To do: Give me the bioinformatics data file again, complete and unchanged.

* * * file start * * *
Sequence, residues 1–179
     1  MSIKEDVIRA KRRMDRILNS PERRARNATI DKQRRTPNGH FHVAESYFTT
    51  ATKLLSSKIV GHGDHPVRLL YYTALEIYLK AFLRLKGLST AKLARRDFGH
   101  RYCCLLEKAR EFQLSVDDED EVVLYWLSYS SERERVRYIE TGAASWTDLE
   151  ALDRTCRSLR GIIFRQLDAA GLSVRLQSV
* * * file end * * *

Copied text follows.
Sequence, residues 1–179
     1  MSIKEDVIRA KRRMDRILNS PERRARNATI DKQRRTPNGH FHVAESYFTT
    51  ATKLLSSKIV GHGDHPVRLL YYTALEIYLK AFLRLKGLST AKLARRDFGH
   101  RYCCLLEKAR EFQLSVDDED EVVLYWLSYS SERERVRYIE TGAASWTDLE
   151  ALDRTCRSLR GIIFRQLDAA GLSVRLQSV